The Walking Dead: Read Carl's Letter to Rick from This Week's Episode [SPOILERS]
For those of you who watched/listened to Bleeding Cool's review of the 14th episode of The Walking Dead season 8 ('Still Gotta Mean Something'), you know how we felt about the last moments when Rick (Andrew Lincoln) finally found himself in the right place in his head to take Michonne's (Danai Gurira) advice and read the letter that Carl (Chandler Riggs) left for him. It gave us major feels — so of course the episode ended just as Rick started reading.
Well, it appears that next week's episode, 'Worth', pretty much picks up where things left off: Rick reading the letter. Thanks to our friends at The Internet, we were able to take a look at the scene from the upcoming episode, and do a lot of pausing/rewinding to transcribe what may be the memorable moment of the episode — if not of this half-season.
Now while I know this goes without saying, just to be safe…
I remember my eighth birthday at KCC with that giant cake and Aunt Eavey showing up on leave, surprising all of us. I remember Mom, I remember Codger, I remember school and going to the movies and Friday night pizza and cartoons and Grandma and Grandpa and church. Those summer barbecues and the kiddie pool you got me. We could've used that at the prison.
You told me about the walks we'd take when I was three. You holding my hand around the neighborhood, all the way to Ross' farm. I didn't know that I remembered them, but I do. Because I see the Sun, and the corn, and that cow that walked up to the fence and looked me in the eye.
And you told me about all that stuff, but it isn't just that stuff. It's how I felt. Holding your hand, I felt happy and special. I felt safe.
I thought growing up was about getting a job and maybe a family, being an adult. But… growing up is making yourself and the people you love safe. As safe as you can, because things happen.
They happened before. You were shot before things went bad. Kind of felt like things went bad because you were shot.
I want to make you feel safe, Dad. I want you to feel just like I felt when you held my hand. Just to feel that way for five minutes. I'd give anything to make you feel that way now.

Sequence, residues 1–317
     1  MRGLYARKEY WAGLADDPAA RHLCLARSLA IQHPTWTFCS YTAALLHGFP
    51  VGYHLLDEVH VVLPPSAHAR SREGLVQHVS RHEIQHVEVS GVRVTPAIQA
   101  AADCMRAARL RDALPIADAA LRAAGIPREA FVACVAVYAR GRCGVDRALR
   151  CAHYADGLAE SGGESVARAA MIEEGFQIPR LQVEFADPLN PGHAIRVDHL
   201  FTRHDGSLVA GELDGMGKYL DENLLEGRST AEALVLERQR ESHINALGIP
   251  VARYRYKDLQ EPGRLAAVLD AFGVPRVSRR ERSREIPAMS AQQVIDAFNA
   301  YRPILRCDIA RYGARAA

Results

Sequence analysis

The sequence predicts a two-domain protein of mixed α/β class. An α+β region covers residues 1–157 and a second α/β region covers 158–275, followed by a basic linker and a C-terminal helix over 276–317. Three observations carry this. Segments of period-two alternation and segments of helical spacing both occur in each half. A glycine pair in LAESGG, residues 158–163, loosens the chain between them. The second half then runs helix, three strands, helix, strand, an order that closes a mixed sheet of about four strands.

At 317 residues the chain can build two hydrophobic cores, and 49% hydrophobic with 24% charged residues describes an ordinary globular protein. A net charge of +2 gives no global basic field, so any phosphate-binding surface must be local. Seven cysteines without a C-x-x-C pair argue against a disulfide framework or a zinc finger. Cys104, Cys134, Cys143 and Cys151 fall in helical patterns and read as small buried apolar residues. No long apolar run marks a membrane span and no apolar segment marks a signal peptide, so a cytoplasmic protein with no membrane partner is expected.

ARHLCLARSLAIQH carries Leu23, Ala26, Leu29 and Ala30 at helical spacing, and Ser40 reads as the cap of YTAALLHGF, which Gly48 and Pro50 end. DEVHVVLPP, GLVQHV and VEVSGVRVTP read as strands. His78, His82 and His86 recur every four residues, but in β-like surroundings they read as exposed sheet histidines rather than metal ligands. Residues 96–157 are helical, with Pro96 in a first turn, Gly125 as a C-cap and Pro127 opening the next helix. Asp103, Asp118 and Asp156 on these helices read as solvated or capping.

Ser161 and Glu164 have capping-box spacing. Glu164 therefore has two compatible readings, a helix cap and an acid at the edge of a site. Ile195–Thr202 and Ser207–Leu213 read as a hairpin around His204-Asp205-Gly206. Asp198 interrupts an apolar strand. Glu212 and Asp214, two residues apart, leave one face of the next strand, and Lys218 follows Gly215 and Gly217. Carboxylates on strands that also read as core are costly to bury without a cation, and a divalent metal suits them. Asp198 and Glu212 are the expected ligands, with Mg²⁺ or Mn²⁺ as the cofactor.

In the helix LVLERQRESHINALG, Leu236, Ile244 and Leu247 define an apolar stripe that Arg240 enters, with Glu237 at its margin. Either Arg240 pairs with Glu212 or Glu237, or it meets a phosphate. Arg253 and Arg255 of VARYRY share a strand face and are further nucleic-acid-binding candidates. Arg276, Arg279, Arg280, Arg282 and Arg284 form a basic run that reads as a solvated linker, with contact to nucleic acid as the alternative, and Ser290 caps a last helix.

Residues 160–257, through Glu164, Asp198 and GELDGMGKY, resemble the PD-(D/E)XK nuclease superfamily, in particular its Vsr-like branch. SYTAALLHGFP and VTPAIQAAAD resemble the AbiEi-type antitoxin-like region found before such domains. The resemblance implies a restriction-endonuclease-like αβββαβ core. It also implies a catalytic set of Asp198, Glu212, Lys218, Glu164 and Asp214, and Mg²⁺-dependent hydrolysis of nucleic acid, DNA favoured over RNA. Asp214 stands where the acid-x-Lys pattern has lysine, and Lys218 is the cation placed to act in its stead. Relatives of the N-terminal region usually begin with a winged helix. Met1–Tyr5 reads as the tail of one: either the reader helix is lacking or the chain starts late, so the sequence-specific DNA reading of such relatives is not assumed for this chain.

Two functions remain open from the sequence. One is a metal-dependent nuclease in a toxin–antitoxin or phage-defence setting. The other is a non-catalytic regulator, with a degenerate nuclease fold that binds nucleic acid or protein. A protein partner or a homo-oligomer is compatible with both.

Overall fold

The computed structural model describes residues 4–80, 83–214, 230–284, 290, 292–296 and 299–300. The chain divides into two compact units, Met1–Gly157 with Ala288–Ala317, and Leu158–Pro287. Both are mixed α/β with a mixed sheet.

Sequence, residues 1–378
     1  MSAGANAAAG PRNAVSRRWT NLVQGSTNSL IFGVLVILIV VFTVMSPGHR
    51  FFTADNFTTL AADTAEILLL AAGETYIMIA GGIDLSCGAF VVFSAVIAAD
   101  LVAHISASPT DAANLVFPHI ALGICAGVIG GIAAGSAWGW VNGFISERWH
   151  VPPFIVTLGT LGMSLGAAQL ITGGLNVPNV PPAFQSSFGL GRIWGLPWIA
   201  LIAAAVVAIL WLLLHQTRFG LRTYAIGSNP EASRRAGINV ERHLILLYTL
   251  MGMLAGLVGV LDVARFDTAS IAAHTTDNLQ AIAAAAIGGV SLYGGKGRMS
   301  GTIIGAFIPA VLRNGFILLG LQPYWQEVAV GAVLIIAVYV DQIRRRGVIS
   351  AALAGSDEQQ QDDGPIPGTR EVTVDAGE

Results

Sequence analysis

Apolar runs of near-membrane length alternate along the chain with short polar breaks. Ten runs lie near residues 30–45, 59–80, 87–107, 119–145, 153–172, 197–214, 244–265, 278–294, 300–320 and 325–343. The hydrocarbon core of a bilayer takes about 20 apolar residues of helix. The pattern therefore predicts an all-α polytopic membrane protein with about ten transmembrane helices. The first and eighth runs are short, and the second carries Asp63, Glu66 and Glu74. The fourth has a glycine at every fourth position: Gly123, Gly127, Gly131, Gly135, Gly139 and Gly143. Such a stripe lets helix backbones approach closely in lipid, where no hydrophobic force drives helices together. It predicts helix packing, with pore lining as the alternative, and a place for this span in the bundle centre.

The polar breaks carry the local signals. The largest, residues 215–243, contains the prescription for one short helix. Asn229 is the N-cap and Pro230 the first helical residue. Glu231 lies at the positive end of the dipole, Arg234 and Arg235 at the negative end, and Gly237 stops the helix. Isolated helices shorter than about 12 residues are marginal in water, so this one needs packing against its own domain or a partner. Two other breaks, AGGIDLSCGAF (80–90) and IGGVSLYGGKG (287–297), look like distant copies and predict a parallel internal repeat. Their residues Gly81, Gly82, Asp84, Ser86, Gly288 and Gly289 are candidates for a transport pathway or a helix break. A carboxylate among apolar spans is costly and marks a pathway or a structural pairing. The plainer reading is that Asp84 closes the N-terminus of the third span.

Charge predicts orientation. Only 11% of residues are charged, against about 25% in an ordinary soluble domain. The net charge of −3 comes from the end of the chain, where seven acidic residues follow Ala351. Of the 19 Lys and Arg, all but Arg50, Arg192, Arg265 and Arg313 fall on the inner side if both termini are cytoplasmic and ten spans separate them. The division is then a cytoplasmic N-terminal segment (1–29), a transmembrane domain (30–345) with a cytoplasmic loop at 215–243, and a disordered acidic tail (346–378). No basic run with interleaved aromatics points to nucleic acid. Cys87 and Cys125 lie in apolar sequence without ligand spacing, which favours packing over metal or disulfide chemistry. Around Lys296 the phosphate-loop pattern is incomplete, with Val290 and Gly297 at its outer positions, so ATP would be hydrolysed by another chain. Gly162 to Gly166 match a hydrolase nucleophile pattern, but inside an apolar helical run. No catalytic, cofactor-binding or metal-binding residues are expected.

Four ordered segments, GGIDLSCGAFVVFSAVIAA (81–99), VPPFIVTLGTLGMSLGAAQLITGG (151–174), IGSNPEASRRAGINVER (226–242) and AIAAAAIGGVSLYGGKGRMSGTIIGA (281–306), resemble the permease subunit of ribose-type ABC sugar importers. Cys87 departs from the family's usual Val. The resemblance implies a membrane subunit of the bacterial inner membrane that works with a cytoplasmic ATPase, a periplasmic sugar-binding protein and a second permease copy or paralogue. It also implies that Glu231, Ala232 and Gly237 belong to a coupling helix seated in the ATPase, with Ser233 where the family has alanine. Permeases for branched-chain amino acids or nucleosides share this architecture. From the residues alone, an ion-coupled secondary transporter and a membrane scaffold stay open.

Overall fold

I wanted to kill Negan. I wish I did, maybe it would have been done. I don't think it's done now. You went out there again, but I don't think they surrendered. I don't think they will surrender.
There are workers in there, Dad. They're just regular people. Old people, young people, families. You don't want them to die, Dad.
We're so close to starting everything over, and we have friends now. It's that bigger world Jesus talked about. The Kingdom, the Hilltop… there's got to be more places. More people out there. A chance for everything to change and keep changing.
Everyone giving everyone the opportunity to have a life. A real life.
So if they won't end it, you have to. You have to give them a way out. You have to find peace with Negan. Find a way forward somehow.
We don't have to forget what happened, but you can make it so that it won't happen again. That nobody has to live this way. That every life is worth something.
Start everything over. Show everyone that they can be safe again without killing. They can feel safe again. That it can go back to being birthdays and school and jobs and even Friday night pizza, somehow. And walks with a dad and a three-year-old holding hands.
Make that come back, Dad. And go on those walks with Judith. She'll remember them.
I love you.
Here's a look at this Sunday's penultimate episode of The Walking Dead season 8: 'Worth':
The Walking Dead Episode 8×15 'Worth': With the threat of the Saviors still looming, Aaron continues searching for allies; Daryl and Rosita take action and confront an old friend.
All out war has had a devastating impact on every person involved. The communities themselves are fractured. Alexandria has been destroyed, the Hilltop finds themselves pinned, and the Kingdom is shattered — half of them dead, the other half controlled by the Saviors.
At the very center — Rick, having been distracted by the conflict, has just returned home to learn that Carl, who heroically shepherded the Alexandrians to safety during Negan's attack, has been bitten by a walker. Once his sole motivation in this otherwise stark existence, Rick is forced to deal with this reality. Carl has always been a beacon of hope, a symbol for the remaining thread of humanity — lessons that the survivors around him would be wise to take with them as this war surges onward.
But Rick isn't the only person who's living in peril. Aaron and Enid are in a dire situation at Oceanside — unclear if they're in friendly territory, or if they've just made new enemies. Father Gabriel will do his part in attempting to smuggle Dr. Carson safely back to the Hilltop and a pregnant Maggie is wrestling with the many moral gray areas that come with leadership during war. In a standoff with the Saviors, she must decide how to proceed with the dozens of POW lives she's currently in control of, as well as new complications that come with being a leader.
In addition to the war, Negan continues to deal with struggles within his ranks as workers, traitors, and others' thirst for power cause conflict at the Sanctuary. Having gifted the Saviors a major victory, Eugene's loyalty is repeatedly tested as new obstacles present themselves.
As all-out-war consumes us, the line between good and evil continues to blur. People fighting for what they believe in. Everybody working together for something bigger — to feel safe and have a world worth living in.
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